Until recently, a schlep up Capel Street involved a gauntlet run past sundry sex emporia and industrial attire stores (on a murky afternoon it could be difficult to tell which was which). However, this once dowdy thoroughfare parallel to O'Connell Street has undergone a quite radical transformation. The odd sex-a-torium endures, but nowadays is likely to be wedged between a buzzing noodle joint, skate shop and one of several intriguing bars (we shouldn't overstate the case – if grit is your thing Capel Street still has plenty).
Two years ago the craft brew revolution – in an Irish context that really isn't too strong a word – reached this part of town in the form of The Black Sheep, a far-flung outlet of the Against The Grain empire. Now it has some competition, as the premises at the intersection of Capel Street and North King Street has reopened as The Beerhouse (well done chaps/chapettes on not calling it something pretentious such as 'Bier Haus' etc).
You wish the new enterprise the best luck as judging on the number of bars that have come on gone in this location it will probably need all the breaks it can catch. By our recollection it previously traded as Ruta, among many incarnations, but never seemed to chime with the neighbourhood (arguably a surprise given that large student population attending DIT Bolton Street up the road).
The Beerhouse has given itself a fighting chance. There's an eye-popping lineup of craft brews, allied to a decent wine menu and some stonking coffee. Plus, the ambiance is just right, a mix of vintage dive bar and edgy hang-out. Bright, with large windows, there's an airy atmosphere, abetted by the vaguely Nordic trimmings (minimalist wainscoting, high ceilings with quirky lampshades).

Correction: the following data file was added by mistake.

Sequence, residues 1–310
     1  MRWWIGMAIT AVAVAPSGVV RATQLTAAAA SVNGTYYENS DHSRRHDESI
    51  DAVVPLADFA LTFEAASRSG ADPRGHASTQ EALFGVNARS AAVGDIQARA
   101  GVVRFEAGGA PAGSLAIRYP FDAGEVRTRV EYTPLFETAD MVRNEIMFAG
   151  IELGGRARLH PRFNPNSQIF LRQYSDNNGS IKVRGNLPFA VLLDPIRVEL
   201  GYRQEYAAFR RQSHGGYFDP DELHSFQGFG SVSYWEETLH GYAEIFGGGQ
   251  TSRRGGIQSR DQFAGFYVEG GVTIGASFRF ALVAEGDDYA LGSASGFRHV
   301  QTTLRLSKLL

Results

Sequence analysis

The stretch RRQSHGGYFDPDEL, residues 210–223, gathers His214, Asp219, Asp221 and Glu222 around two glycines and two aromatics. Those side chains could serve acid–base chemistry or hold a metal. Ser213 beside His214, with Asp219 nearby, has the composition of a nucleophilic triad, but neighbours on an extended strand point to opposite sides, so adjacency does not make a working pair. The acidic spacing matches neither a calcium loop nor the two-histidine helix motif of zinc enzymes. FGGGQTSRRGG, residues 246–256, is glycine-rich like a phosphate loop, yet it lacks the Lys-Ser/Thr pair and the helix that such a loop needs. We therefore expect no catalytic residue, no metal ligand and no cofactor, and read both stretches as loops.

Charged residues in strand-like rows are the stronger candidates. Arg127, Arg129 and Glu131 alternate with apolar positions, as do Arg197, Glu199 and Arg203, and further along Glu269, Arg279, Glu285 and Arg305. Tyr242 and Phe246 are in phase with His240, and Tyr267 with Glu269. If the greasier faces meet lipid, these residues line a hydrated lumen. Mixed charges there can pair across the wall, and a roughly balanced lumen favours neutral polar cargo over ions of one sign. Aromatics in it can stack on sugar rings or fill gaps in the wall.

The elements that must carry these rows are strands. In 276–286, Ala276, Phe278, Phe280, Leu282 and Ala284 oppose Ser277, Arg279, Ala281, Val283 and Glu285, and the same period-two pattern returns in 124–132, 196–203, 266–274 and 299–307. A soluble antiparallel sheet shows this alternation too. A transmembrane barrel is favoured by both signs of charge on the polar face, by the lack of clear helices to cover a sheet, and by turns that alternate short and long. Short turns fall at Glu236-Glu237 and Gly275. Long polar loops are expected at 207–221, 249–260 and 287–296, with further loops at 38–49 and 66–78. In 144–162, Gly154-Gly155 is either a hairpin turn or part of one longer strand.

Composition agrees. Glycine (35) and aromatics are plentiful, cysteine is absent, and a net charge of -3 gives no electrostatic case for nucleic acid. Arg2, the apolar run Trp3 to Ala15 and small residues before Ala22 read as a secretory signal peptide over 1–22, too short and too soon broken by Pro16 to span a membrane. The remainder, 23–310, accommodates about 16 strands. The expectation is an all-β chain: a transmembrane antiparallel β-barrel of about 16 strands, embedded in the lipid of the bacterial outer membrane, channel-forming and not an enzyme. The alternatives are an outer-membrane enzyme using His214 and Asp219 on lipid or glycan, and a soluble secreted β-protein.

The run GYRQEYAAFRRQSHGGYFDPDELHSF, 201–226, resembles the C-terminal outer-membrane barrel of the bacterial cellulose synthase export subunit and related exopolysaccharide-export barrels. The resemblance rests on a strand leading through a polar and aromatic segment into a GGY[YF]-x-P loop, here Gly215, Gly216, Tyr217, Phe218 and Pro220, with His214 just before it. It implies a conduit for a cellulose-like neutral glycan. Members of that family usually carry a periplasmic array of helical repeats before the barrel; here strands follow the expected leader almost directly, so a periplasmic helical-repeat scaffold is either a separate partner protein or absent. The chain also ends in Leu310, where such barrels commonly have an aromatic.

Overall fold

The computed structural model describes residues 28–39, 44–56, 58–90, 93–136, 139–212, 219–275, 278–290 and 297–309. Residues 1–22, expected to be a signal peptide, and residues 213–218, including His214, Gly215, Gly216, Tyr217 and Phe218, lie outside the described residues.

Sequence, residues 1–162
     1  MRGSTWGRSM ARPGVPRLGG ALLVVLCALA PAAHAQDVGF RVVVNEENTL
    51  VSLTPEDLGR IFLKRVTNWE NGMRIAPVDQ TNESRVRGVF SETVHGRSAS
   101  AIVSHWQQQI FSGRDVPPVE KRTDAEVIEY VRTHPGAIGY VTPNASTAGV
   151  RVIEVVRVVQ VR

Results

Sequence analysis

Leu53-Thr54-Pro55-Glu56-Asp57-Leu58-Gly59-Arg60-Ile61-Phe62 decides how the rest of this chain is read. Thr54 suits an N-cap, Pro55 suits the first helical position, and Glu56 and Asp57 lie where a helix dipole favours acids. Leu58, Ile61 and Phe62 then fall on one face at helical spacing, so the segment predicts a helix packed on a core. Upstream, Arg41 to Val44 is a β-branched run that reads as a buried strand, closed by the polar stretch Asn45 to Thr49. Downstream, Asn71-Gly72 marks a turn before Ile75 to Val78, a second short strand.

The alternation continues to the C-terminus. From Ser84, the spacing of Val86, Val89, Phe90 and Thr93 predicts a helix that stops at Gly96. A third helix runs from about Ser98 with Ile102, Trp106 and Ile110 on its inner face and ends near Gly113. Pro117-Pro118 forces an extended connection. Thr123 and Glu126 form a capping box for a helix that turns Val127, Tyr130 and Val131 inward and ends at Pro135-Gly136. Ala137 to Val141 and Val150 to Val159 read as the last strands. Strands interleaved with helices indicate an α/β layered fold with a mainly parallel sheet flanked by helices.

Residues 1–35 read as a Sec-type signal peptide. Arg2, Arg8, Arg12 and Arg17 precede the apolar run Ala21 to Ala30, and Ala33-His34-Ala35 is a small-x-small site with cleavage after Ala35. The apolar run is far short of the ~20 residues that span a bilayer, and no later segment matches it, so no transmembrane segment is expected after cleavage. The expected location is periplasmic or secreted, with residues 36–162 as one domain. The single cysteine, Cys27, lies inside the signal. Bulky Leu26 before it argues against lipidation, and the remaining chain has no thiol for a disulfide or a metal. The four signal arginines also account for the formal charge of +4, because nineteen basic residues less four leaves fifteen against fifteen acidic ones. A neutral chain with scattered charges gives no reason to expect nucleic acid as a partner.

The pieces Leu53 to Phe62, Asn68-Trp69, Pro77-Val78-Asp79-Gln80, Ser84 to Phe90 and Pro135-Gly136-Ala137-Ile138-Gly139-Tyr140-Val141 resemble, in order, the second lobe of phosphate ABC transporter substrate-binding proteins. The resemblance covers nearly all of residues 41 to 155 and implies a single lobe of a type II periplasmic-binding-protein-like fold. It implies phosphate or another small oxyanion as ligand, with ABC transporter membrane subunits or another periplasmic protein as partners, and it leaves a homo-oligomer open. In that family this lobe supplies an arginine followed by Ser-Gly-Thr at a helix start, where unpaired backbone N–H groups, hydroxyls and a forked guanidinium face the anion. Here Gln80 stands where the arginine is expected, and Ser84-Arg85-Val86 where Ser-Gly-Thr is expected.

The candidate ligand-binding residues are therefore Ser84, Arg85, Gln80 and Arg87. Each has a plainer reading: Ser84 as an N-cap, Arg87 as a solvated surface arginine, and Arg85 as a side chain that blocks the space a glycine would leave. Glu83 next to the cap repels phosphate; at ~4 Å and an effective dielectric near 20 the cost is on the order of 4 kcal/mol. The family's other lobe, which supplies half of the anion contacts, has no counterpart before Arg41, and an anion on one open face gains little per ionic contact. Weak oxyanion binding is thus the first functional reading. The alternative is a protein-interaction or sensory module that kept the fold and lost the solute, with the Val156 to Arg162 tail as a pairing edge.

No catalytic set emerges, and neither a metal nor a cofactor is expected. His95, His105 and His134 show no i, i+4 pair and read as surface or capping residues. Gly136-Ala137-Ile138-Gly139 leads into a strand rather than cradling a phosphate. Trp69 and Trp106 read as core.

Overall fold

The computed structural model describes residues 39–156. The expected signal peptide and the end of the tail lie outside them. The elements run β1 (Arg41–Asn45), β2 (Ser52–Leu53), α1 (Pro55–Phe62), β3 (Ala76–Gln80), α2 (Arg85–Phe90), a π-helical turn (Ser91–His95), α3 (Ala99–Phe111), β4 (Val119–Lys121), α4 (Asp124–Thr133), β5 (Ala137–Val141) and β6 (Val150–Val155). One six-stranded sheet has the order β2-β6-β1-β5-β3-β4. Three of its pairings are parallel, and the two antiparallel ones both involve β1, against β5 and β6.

As is mandatory among voguish bars, the music is straight up alternative, albeit not to the point where it will frighten anyone away (unless your idea of scarily experimental stretches to Primal Scream). And they've plugged into the trend of stocking board games, even if the selection isn't especially ambitions – party fare like Jenga is well and good but what about some REAL board games. Would it kill them to spring for Settlers of Catan or Race For The Galaxy! The question, of course, is whether the target demographic – people who own more than one Apple device and have strong opinions on the Choice Music Prize – can be persuaded to make the trek all the way to a location that, by the standards of trendy Dublin nightlife, is deep in the Twilight Zone. To give them credit, the new owners are certainly giving it their best, with complimentary food, guest speakers from the craft brew industry and a constantly rotating menu of beers. Furthermore, the space hosts regular singer-songwriter and band performances, though it has to be asked whether this is something the fancy pilsner set has any active interest in. It remains to be seen.
Maybe that should be 'alterna-bling'. The look is log-cabin chic, all exposed beams and high roofs. It's exceedingly atmospheric and very roomy with it. We particularly loved the odds'n'sods tables and chairs. It's like kicking back at a fashionable friend's loft – albeit a friend who charges for beer.
Quirky but clean – bathroom loo perfection! We would rhapsodise further if it didn't seem obsessive and weird.
Staff are chatty but don't overdo it – if you want to pull up a stool and bend their ears they are happy to go along. If not, well you will be left to your own devices. Which is what you wanted after all.
A big effort is made to ensure the selection of brews is seasonal and up to date – each week seems to bring new bottled offerings and there's a good choice on tap also. For instance, a Beer Festival runs all this weekend. To which we can only respond: huzzah!